Malin Sentinel, the final vessel in a £150million investment programme for UK-based Sentinel Marine has set sail from China and is expected in port in Aberdeen around 20 August. The offshore support vessel which sailed from Cosco Shipyard in Dalian, will transit to Aberdeen via Singapore and the Suez Canal.
The new vessel joins the Sentinel Marine fleet of emergency response and rescue vessels (ERRVs) which operate in the North Sea and which perform additional tasks beyond the traditional rescue vessel duties. Earlier this year Sentinel Marine announced contract wins and extension worth £36million.
The Malin Sentinel completes the second phase of nine new build vessels for Aberdeen headquartered Sentinel Marine. Each purpose-built vessel has been built to the highest of environmental standards, with Tier 4 engines to reduce emissions and gases to near zero. The firm also has three further vessels to be delivered from phase three of their newbuild programme.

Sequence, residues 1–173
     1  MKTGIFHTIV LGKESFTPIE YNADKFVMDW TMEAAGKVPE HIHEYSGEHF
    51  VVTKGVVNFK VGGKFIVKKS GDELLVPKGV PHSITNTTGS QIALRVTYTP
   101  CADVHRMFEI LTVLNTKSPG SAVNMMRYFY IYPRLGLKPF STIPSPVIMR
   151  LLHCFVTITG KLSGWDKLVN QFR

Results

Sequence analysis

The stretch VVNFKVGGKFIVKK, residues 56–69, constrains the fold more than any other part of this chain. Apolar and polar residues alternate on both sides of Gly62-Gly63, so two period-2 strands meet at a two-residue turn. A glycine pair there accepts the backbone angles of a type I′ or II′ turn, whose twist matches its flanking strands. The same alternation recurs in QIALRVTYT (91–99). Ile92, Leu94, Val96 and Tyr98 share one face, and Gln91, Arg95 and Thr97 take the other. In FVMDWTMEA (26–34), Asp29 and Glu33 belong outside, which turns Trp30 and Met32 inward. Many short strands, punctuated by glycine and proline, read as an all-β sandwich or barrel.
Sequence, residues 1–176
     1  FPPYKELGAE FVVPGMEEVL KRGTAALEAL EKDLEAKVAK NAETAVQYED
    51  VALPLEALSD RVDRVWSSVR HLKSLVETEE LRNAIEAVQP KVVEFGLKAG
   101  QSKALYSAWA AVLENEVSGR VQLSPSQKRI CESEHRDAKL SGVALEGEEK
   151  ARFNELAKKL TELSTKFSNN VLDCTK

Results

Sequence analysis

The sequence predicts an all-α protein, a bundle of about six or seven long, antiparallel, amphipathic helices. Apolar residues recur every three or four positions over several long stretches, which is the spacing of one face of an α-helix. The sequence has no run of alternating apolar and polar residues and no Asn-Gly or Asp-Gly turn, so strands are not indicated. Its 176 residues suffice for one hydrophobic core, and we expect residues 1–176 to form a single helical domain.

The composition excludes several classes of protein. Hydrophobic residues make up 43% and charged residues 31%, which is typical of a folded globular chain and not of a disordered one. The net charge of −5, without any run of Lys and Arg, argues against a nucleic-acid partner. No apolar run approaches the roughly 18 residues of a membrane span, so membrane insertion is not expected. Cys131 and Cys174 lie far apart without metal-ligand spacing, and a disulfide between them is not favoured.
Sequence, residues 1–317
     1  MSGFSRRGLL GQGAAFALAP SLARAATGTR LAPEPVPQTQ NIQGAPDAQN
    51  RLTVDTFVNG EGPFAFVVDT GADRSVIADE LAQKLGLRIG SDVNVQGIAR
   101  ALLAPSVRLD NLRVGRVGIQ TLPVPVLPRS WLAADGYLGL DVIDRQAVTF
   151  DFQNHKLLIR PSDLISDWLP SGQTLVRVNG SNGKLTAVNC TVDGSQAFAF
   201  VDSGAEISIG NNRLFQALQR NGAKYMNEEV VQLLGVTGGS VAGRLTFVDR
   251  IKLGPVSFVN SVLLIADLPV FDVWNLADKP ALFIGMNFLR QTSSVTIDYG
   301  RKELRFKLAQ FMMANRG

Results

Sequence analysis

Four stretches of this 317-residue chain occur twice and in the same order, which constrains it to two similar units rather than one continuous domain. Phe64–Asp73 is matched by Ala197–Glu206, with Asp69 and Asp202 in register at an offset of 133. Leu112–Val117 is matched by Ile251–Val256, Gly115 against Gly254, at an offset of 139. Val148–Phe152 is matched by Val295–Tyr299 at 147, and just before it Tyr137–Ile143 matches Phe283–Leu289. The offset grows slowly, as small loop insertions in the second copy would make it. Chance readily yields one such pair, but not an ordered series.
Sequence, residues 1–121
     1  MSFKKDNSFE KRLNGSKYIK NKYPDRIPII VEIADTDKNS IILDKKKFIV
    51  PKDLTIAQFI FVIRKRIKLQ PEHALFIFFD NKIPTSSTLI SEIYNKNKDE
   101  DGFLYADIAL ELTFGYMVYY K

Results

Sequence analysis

Chief executive officer Rory Deans said, “The Malin Sentinel is a landmark vessel for us, completing our second phase of new build vessels which introduced new levels of cost, operational and environmental efficiency. Like the other vessels in our fleet, the Malin Sentinel will provide far wider reaching service than response and rescue to keep offshore workers safe. Our vessels also operate as oil recovery, tanker assist and cargo handling vessels, offering significant cost savings for our clients who would otherwise have to charter additional vessels. The multi-role functions of our fleet appeal to our clients to support their North and Irish Sea activities. The fact that our fleet is new, and purpose built, rather than having been converted from vessels which had a previously different use, offer an attractive proposition for operators.”
Sentinel Marine has 300 seafarers operating on its fleet currently and this will rise to close to 400 when a further three enhanced spec ERRVs newbuilds which are currently under commission are completed. These new additions, which are being built at the same shipyard in China, will have increased dynamic positioning capabilities with a DP2 notation, firefighting class 1, oil recovery and liquid mud and dry bulk capacities.